Athletes need guidance for Twitter use

By Gregory Cappis

I would like to pass along some valuable knowledge that I learned from one of my high school teachers: Do not post anything on the Internet that you do not want to see on the front of the newspaper. I was lucky enough to receive this advice when Facebook still required a college email address to join, and people thought tweeting was a sound birds make.

Sadly, not everyone has been blessed with such great advice at a young age, or any age at all, as exemplified by Elon University’s senior running back Jamal Shuman.

After a 48-28 loss to Wofford College on Oct. 29, in which he had only one reception for 5 yards, Shuman went on a Twitter rant. These tweets included, “Gotta a n—a on da sideline lik Ima f–kin scrub wen I f–kin no I’m one of the best on dis squad but who will f–kin no if I dnt fckn play,” and five others with just as many expletives that put down his coaches and fellow teammates.

It was apparent that he was naive about his actions—bashing his coaches and teammates on a world stage. Even after a warning by someone else on Twitter, Shuman did not understand his audience.

“I no everybody that’s following me bro nd not one of them is from the athletic department sir,” Shuman responded to the friendly advice. His three consecutive tweets were “do I no u?” to people who had re-tweeted his textual lashings.

I’m not trying to knock Shuman’s level of intelligence. He must be a bright young man, because he attends the No. 2-ranked Southern regional university, according to U.S. News and World Report. Shuman should have known ridiculing his coaching staff and teammates online was not the best way to vent his


The athletic department, teachers, friends, family members and other authority figures in Shuman’s life should have educated him about the impact of his actions on the Internet. There were warning signs. Shuman routinely tweeted about parties and debauchery before making his account private after his Twitter tirade went viral.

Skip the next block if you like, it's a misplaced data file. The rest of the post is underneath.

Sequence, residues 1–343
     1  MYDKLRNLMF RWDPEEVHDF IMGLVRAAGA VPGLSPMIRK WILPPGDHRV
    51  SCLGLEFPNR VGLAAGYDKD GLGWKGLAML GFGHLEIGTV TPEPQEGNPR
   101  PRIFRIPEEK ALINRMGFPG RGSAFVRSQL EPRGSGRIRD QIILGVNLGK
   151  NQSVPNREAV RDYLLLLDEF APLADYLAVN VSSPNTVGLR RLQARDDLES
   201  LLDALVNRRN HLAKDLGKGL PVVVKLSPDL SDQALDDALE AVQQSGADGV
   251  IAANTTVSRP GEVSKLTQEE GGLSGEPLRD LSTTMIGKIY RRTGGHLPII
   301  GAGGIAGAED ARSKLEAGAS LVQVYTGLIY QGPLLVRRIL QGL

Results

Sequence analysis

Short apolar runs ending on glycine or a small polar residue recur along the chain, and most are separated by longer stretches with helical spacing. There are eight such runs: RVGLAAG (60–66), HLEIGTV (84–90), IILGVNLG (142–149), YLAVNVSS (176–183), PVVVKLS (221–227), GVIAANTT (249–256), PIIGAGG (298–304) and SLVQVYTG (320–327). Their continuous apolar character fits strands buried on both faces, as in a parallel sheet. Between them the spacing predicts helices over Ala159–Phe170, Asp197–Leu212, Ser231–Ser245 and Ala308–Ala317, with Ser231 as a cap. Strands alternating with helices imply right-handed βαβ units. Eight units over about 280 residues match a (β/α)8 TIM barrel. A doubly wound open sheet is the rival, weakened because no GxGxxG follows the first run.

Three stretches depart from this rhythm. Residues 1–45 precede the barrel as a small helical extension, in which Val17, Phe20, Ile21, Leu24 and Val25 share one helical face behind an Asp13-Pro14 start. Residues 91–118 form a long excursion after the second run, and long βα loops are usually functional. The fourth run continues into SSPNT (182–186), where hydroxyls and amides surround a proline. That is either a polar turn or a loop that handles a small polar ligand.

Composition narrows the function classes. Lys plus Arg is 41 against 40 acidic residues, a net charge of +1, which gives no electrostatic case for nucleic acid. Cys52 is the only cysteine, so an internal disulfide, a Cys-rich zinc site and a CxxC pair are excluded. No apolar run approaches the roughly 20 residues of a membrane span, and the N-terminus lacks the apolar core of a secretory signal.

Shuman would not have had to spend the rest of his Halloween weekend apologizing, deleting tweets and asking others to take down his re-tweets if someone would have previously warned him about the consequences of his actions. He has since been suspended indefinitely from the football team.

The one thing Shuman did right was wait until the game ended to rip into Elon’s coaching staff and turn his teammates into collateral damage. Both the NBA and NFL have banned posting in the middle of games after incidents in both sports where athletes tweeted from the sidelines.

On Aug. 31, the International Olympic Committee published its guidelines for social media usage during the 2012 London Olympic Games. According to the document, the IOC encourages athletes to use social media, such as Facebook and Twitter. However, nowhere in the report does it ban athletes from posting in the middle of competitions.

In a perfect world, it shouldn’t have to. Olympic-caliber athletes should know to refrain from in-game tweets, but professional athletes have proven us wrong before, and I’m sure amateur athletes competing in the games will offer compelling tweets like Shuman did this weekend.

This lack of a ban from the IOC could make the Olympics even more exciting. I’m anxious for a Michael Phelps tweet of, “Man that fifth taco I ate last night is not agreeing with my stomach,” as he makes the final turn in the 400-meter freestyle. Wouldn’t it be great to read a Russian gymnast’s opinion of the pommel horse judging as he prepares for his floor routine? NBC could run with this and have a live stream of Twitter feeds on the telecast. It would be like entering the minds of the world’s greatest athletes—entertaining, but probably not in the best interest of the games. There has to be a line drawn between competition and entertainment.

We hold athletes to an extremely high—sometimes unfair—standard, yet we are setting them up to fail. We’re all learning this technology as it comes out, so it’s fair to say not everyone understands what they’re doing. Athletic directors, agents, teachers and parents need to step up to the plate and drill it into the minds of children that posting things on the Internet is like printing a headline on the front page of the New York Times—it’s there for the world to see.